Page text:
To succeed in the 21st century, young people need to be able to think critically, collaborate effectively, communicate clearly, solve complex problems, and continue to learn independently throughout their lives. In order to equip the next generation of Californians with these skills, the state adopted new learning standards and assessments that require all students to engage in higher-order thinking and problem-solving. Around the same time, California implemented a new funding and accountability system, the Local Control Funding Formula, which allocated funds based on pupil needs and removed most categorical restrictions on spending.
“ After controlling for the socioeconomic status of students’ families and district characteristics, LPI finds that teacher qualifications are the most important school-related predictors of student achievement.”
–California’s Positive Outliers: Districts Beating the Odds
While these changes were motivated in part by the desire to improve the achievement of historically underserved students, statewide assessments show that achievement gaps in many districts continue to widen. Despite such achievement gaps across the state between students from different racial/ethnic and socioeconomic backgrounds, some California school districts have excelled at supporting the learning of students of color and students from low-income families. We refer to these California school districts as “positive outliers” because their students are beating the odds. In these districts, students of color, as well as White students, consistently achieve at higher than expected levels, outperforming students of similar racial/ethnic backgrounds from families of similar income and education levels in most other California districts.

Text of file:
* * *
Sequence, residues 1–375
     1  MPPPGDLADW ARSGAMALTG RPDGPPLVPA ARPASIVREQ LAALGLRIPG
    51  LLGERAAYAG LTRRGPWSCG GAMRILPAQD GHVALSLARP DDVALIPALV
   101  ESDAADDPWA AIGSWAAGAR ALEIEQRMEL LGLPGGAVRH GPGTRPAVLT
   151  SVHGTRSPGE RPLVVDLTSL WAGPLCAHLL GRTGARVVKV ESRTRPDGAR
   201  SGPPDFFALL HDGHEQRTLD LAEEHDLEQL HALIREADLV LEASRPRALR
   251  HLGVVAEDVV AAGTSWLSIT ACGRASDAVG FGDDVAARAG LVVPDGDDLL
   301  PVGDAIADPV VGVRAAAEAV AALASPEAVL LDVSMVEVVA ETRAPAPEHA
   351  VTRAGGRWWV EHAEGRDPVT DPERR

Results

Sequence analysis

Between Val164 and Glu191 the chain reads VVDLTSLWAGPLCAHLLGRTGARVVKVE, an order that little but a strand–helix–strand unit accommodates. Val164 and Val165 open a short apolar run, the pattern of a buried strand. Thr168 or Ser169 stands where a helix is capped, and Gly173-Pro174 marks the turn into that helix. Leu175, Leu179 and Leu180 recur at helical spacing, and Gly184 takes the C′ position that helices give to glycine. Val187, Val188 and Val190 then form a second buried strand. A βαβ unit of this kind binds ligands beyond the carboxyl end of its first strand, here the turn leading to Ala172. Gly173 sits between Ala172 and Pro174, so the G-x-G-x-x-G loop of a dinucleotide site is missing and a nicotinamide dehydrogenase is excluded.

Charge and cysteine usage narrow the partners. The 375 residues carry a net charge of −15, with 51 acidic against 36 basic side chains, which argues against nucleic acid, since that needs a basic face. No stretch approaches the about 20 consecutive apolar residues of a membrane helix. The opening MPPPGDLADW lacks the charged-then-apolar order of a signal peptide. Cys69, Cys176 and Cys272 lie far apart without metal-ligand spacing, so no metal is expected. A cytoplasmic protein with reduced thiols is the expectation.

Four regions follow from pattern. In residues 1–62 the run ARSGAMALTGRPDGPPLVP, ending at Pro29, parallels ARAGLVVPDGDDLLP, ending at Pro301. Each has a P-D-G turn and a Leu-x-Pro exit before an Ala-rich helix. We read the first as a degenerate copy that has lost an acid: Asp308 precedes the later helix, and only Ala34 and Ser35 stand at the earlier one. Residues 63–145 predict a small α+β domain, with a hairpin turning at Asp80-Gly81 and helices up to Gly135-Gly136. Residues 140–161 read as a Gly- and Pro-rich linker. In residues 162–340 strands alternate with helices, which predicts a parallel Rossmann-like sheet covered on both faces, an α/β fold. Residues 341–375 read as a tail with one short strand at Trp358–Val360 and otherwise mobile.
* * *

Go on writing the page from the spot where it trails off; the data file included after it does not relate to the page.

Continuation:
Positive outlier districts appear to have leveraged the state’s updated educational standards, funding, and accountability systems to support students in meeting the more rigorous academic standards. We conducted an analysis that identified 156 positive outlier districts of significant size. These results show, for the first time, which California districts and communities appear to have best supported the academic achievement of African American and Hispanic students, as well as White students, in the first three years of the new assessments—the 2015–17 California Assessment Student Performance and Progress in mathematics and English language arts—controlling for the socioeconomic status of families in each district.